The first is finding that mythical vendor that offers a complete stack of fully integrated technology. For most, this isn’t a viable option, given a) the breadth and variability of manufacturing use cases across multiple manufacturing types, and b) the reality that each plant already has an existing set of essential manufacturing systems, and ripping them out to replace them with a homogenous platform isn’t feasible. Plus, this type of vendor lock-in is exactly what manufacturers are hoping to avoid.

The second choice is to establish a new architecture that builds on and leverage existing legacy systems while ensuring that all future investments in your operation conform to a new set of requirements including true data and application interoperability, sustainability, scalability, etc.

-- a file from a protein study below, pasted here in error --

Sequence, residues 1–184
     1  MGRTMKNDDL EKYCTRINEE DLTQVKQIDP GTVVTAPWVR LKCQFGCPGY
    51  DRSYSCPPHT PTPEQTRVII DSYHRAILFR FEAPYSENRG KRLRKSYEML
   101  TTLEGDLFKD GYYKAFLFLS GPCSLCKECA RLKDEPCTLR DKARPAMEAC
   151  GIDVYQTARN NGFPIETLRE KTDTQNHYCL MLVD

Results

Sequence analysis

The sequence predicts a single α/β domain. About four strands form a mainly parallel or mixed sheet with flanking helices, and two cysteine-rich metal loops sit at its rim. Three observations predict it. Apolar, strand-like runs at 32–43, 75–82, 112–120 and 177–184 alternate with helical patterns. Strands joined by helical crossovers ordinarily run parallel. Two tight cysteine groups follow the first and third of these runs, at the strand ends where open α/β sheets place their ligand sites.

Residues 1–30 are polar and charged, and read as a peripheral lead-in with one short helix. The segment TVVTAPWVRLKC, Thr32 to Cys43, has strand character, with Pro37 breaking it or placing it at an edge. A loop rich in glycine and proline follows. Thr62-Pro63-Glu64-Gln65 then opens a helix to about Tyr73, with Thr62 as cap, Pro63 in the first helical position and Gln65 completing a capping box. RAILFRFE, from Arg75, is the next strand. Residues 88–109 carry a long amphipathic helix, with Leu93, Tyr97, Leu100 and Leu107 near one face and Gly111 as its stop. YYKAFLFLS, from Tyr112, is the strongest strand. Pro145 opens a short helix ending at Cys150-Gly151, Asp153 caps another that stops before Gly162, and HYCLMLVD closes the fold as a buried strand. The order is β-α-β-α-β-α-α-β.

You may be familiar with information models such as ISA-95 and examples of such used in technologies like OPC UA. These are excellent solutions, and empower users to configure solutions more effectively, as they represent the available data more effectively. But they do not significantly improve upon the interoperability, cost and scale problem. They still require costly domain expertise, and the end result is yet another ‘stove-pipe’ point solution that is difficult to scale.

A new approach is required. A way for standardized information models to be created apart from individual manufacturing products or technologies. A way for these information models to be digitized by a domain expert, like a machine builder or system integrator, and made available in a marketplace for anyone else to discover, refine and deploy, with little or no cost or expertise required.

And there are resources at the ready.